On Wednesday, March 23, the Board of Zoning Appeals reconvened to discuss the construction of a retaining wall on the Gallo property at 27 Locust Avenue in Baxter Estates. After time constraints that prevented the community from speaking at the previous meeting on March 9, concerned residents and members of the public were able to voice their opinions regarding the construction of the wall.
“Shared Sacrifice” was the key term of the March 22 Port Washington Board of Education meeting, in that the school board stated that all groups within the community need to make sacrifices in order to maintain educational programs and staff while also achieving the school district’s goal of a 3 percent budget increase for the 2011/2012 school year.
The Library Budget Vote and Trustees Election for the Port Washington Public Library takes place on Tuesday, April 12. Two incumbents, Myron Blumenfeld and Robert Lee Aitken, will be running for five-year terms in the upcoming election. Julie Geller will be relinquishing her seat, which leaves a vacant seat for a new challenger. This position will be for a four-year term.
On March 9, the Baxter Estates Board of Zoning Appeals held a meeting for residents to discuss a retaining wall being built at 23 Locust Avenue. Mr. and Mrs. Gallo, the residents desiring to build the gabion wall in their backyard, approached the board asking for a variance to the permit they were granted on May 6, 2009 for a set of retaining walls. Neighbors, Mr. and Mrs. Landsberg, argued against the construction of the wall because they believe it might pose a danger and could also drive down the price of their property.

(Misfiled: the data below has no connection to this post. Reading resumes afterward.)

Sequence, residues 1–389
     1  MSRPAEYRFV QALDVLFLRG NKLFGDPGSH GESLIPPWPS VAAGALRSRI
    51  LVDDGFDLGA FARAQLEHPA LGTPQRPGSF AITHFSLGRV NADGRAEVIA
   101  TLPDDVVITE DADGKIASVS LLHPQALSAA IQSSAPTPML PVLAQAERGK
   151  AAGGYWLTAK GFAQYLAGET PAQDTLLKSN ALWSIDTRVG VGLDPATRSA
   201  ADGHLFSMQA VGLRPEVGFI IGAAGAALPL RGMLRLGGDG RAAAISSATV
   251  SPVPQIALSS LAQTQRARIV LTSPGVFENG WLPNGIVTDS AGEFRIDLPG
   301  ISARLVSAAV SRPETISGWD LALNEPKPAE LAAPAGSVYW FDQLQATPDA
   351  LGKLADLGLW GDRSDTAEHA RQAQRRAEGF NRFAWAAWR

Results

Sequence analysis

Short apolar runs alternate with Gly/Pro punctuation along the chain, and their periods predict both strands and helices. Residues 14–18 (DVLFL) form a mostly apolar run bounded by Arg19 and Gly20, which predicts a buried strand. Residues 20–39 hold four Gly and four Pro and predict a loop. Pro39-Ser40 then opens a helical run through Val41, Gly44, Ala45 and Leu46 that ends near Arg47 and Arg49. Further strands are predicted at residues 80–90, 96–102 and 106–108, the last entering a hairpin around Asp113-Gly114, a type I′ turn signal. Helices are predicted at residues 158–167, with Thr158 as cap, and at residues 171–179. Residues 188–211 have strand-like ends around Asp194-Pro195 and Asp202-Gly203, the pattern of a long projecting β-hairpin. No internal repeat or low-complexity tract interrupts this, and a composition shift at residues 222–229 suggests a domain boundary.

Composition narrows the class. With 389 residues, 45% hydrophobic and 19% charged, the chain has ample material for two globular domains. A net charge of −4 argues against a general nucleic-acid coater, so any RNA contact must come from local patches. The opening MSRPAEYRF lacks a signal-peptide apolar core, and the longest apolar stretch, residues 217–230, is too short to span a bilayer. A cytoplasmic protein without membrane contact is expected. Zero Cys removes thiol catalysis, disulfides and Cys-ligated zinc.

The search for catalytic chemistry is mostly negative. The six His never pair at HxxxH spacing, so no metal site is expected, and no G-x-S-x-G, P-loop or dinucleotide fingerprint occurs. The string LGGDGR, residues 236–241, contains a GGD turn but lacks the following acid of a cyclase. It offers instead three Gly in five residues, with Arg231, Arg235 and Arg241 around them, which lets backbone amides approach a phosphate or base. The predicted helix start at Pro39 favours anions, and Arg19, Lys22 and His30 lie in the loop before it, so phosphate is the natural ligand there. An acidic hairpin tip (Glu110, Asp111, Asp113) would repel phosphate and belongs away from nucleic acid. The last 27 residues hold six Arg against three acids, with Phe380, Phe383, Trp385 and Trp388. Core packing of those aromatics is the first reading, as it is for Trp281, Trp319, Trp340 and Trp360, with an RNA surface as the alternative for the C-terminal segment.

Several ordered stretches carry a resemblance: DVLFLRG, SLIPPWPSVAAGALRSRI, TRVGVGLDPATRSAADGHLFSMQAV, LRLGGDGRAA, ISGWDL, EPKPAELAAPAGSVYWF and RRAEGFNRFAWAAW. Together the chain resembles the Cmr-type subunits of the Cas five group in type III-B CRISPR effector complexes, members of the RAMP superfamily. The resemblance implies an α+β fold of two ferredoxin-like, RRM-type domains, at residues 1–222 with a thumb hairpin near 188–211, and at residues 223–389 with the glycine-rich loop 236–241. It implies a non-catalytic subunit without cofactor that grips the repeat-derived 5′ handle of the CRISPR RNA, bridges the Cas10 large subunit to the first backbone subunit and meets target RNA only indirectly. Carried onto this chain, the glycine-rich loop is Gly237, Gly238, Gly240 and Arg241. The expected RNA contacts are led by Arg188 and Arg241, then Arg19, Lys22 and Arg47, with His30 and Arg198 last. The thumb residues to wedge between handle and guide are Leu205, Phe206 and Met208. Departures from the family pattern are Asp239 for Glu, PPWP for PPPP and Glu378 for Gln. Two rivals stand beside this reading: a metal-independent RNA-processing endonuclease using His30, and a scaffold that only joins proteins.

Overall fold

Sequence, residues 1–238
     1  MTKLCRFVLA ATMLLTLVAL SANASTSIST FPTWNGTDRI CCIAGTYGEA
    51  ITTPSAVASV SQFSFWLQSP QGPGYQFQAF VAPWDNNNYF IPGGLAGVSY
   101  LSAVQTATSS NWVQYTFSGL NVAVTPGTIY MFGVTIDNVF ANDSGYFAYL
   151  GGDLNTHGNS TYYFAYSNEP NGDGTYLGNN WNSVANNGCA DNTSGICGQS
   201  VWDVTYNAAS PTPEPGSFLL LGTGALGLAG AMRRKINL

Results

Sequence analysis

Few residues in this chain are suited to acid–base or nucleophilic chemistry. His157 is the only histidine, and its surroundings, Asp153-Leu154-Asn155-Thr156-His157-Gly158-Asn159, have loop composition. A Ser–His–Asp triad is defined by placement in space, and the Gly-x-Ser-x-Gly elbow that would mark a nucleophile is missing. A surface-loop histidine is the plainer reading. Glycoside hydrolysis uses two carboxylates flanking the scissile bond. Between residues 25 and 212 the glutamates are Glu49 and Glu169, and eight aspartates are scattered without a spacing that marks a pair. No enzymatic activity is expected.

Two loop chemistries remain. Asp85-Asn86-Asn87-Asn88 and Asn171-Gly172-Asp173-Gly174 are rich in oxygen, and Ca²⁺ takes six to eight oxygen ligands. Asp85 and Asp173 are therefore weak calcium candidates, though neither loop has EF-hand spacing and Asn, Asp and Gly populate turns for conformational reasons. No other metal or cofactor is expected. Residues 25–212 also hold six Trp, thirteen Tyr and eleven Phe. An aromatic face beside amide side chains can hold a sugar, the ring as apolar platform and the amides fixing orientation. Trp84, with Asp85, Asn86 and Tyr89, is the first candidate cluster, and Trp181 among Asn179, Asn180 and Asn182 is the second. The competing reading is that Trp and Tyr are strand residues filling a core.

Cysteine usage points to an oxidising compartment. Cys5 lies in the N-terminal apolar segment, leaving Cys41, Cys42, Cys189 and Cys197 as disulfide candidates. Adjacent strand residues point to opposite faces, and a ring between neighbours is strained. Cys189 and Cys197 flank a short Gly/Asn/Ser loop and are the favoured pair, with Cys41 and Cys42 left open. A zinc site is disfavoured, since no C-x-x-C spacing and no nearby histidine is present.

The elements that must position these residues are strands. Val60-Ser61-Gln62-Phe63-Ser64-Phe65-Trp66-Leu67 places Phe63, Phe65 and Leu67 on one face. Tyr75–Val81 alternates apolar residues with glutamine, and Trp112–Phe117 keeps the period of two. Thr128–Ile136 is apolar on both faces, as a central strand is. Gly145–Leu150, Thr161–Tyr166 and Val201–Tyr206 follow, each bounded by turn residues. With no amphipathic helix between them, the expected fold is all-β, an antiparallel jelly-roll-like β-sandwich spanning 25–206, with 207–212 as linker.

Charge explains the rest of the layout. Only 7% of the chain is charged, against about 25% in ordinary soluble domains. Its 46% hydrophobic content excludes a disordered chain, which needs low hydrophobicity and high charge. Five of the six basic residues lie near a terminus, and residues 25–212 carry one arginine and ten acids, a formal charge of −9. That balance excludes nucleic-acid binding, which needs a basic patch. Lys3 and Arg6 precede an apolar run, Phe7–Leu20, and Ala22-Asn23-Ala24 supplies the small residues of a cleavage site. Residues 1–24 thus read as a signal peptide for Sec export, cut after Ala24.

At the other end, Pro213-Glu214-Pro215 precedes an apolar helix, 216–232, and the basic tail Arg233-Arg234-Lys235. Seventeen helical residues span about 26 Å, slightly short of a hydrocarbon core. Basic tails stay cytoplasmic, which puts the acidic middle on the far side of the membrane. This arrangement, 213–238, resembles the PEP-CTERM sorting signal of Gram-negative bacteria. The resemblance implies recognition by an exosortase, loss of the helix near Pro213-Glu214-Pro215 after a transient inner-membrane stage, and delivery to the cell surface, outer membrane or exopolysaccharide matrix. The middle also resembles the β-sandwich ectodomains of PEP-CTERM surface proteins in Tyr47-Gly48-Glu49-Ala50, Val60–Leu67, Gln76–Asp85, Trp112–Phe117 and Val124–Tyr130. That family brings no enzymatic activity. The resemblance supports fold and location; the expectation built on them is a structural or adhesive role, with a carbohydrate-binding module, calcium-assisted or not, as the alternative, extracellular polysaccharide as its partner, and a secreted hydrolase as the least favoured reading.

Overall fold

On March 11, State Senator Jack Martins visited Port Washington and met with community leaders at the Port Washington Public Library to discuss local issues and how to work together to fix challenges and achieve goals. Residents for a More Beautiful Port Washington hosted this event, and Senator Martins also took a tour of Port Washington before attending this meeting.
On March 5, the Town of North Hempstead hosted the 7th Annual Polar Plunge to benefit Special Olympics New York. Over 400 participants ran into the chilly North Hempstead Beach Park waters to raise money and awareness for the Special Olympics Athletes.
The festivities began at 9 a.m. and continued until after 12:30 p.m. after chilled volunteers dried off and warmed up in their cars. Hot chocolate and refreshments were served throughout the day alongside bagels and pastries, 102.3 WBAB ran the music and entertainment, and the Town of North Hempstead Community Service Department provided complimentary face painting for all those that were, as the Plunge tagline says, “freezin’ for a reason.”
On Tuesday, March 15, elections will be held in three villages located within Port Washington: Baxter Estates, Port Washington North, and Flower Hill. All three elections are uncontested.
At a Port Washington Board of Education meeting on Feb. 15, teachers and parents voiced their concerns about the impending budget cuts.
“Nothing has been finalized yet, but the school board needs to find $3 million. It’s as simple as that,” said Superintendent Dr. Geoffrey Gordon. He further explained that at this time of financial constraints, Governor Cuomo’s plan to cut state aid to school districts leaves Port Washington with a budget shortfall of $3 million. The board has created a surplus reserve of over $3.5 million, which the state is asking the board to utilize at this time of financial constraints. However, the school board finds this tactic a short-term solution that will result in problems further down the line.
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